How to Rehydrate Cracked Dress Shoes

Once a crack becomes a rip, there's no going back.
... Jupiterimages/ Images

Deconstruction isn't all it's cracked up to be -- particularly when the cracks steal the flair from your footwear. If you favor tiptop shine from top to toes, whether you're dressing to the nines, to the trends or just to impress, don't let your style fall through the cracks in your shoes. Moisturizing isn't just for your skin -- restrict and rehabilitate unfashionable fissures in your dehydrated leather lovelies with a little conditioning rejuvenation.

  • Clean cotton cloths
  • Leather brush
  • Saddle soap
  • Leather conditioner or preservative
  • Paste, wax or cream leather polish
  • Leather weatherproofing spray
  • Soft bristle shoe brush
  • Mild liquid soap

1 Luxurious Leather

Dust any dirt or residue from the shoes with a leather brush. Wipe down the surface with a damp cotton cloth to remove any remaining dirt.

Open a container of saddle soap, then vigorously rub the corner of a damp cloth into it to create a lather. Work the soapy cloth into the shoe leather in small circles.

Wipe away all traces of soap with a clean, damp cotton cloth. Wipe finished leather shoes with a dry cloth, and let unfinished leather shoes air dry.

Select a leather conditioner for finished leather shoes and a leather preservative for unfinished leather shoes. Rub a small amount of the product into the surface of the shoe in small circles with a dry cloth, then wipe away the excess product and let the shoes dry for 24 hours.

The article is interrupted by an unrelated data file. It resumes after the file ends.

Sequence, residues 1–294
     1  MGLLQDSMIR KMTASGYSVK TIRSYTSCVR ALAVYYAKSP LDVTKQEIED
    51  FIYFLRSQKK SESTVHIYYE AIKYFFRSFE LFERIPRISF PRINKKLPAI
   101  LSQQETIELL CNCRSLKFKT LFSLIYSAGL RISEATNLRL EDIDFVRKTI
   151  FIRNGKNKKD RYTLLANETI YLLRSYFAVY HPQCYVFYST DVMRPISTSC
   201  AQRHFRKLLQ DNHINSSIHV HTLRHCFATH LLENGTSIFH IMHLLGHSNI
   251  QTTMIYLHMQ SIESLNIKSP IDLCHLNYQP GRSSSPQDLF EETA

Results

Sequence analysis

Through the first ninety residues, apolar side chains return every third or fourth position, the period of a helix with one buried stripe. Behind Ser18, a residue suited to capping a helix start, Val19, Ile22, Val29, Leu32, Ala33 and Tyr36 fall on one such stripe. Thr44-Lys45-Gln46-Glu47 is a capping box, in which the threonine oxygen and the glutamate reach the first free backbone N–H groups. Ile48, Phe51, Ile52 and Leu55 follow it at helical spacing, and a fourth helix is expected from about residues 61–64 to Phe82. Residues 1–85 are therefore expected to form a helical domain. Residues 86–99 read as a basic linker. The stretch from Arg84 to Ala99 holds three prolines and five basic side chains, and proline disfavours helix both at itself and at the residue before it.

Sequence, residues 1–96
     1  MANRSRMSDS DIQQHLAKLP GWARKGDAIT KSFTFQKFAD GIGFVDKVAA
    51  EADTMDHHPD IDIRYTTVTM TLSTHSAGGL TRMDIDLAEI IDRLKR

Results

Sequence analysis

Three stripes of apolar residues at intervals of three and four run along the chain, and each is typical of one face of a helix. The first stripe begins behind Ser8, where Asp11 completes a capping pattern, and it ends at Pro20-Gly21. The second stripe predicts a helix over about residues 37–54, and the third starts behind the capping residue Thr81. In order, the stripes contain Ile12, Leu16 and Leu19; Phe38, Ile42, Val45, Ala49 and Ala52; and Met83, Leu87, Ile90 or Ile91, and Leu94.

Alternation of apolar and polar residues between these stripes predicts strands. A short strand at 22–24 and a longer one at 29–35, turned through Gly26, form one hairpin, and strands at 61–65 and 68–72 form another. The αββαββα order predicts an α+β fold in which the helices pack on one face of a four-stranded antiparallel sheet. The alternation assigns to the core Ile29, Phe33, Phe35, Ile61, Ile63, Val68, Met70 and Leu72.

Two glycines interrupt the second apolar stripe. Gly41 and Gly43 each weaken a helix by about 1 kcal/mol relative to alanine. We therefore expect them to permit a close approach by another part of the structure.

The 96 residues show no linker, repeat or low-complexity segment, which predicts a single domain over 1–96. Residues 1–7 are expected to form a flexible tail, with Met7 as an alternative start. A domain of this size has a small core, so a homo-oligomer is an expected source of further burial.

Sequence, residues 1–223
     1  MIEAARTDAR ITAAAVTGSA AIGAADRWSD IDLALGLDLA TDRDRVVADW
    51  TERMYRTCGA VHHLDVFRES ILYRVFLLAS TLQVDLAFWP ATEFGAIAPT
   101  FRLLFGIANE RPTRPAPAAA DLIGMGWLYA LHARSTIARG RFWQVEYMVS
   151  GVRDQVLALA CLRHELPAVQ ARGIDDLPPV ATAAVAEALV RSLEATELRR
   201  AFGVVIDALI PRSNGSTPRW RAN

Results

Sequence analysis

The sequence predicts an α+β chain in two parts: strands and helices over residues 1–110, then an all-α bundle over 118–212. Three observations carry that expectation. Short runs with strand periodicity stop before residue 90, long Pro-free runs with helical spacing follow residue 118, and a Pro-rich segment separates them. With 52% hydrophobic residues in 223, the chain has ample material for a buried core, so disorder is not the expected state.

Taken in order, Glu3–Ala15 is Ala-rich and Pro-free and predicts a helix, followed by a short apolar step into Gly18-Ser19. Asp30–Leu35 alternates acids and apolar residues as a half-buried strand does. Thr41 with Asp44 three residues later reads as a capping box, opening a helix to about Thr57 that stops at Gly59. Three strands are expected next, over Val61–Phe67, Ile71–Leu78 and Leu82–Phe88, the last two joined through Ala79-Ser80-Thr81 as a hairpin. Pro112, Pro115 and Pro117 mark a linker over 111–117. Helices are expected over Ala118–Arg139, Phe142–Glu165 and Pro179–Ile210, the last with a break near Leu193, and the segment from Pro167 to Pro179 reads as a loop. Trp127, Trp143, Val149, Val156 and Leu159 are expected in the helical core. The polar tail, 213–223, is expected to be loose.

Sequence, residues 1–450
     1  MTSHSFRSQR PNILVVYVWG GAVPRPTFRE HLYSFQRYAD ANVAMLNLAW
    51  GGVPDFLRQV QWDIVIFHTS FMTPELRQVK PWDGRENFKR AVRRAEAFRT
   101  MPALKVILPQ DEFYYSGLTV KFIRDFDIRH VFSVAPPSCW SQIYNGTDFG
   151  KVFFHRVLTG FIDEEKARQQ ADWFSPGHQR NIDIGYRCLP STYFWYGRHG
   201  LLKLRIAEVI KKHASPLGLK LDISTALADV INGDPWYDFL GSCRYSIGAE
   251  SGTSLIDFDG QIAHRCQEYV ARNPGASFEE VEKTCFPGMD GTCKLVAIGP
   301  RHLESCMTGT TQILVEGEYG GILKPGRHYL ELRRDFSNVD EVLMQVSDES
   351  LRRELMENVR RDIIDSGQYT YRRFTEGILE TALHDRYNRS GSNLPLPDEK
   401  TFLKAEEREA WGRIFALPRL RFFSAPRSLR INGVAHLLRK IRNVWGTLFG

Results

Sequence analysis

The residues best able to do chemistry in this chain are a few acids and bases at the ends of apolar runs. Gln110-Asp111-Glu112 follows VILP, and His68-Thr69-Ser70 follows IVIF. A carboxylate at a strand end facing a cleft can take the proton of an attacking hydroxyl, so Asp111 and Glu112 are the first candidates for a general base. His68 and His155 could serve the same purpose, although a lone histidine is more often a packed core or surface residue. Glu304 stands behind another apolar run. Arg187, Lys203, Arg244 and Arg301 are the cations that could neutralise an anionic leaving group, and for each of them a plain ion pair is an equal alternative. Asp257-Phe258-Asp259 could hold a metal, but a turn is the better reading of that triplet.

Wrap a dry cloth around your index and middle finger, then scoop out a small amount of paste, wax or cream polish from the container. Work the polish into the shoe leather with the cloth, and let it dry for 10 minutes.

Buff the shoes with a clean cloth in slow, small circles. Coat each shoe with a weatherproofing leather spray, and let them dry completely.

2 Patent Leather

Dust any clumps of dirt or mud from patent leather shoes with a soft bristle shoe brush. Mix a mild liquid soap into water and dampen a cotton cloth, then wipe down any remaining dirt. Let the shoes dry for 48 hours.

Dampen a cloth and rub it into a container of saddle soap to create a lather. Rub the soap against the shoes in small circles, then wipe it away with a clean, damp cloth. Let the shoes air dry completely.

Rub leather conditioner into the shoes with a dry cloth. Wipe up the excess and let the shoes dry for 24 hours.

Polish the shoes with a dry cloth and a matching paste, wax or cream polish. Work in small circles, let the polish dry for 10 minutes, then buff the shoes with a clean cloth.

  • Never use saddle soap on cordovan leather.
  • Do not leave saddle soap residue on leather, as it will dry out and crack further.
  • Condition suede or nubuck with a damp suede bar, then brush it with a rubber bristle brush to raise the nap.

A writer with a Bachelor of Science in English and secondary education, but also an interest in all things beautiful, Melissa J. Bell has handed out beauty and fashion advice since she could talk -- and for the last six years, write for online publications like Daily Glow and SheBudgets.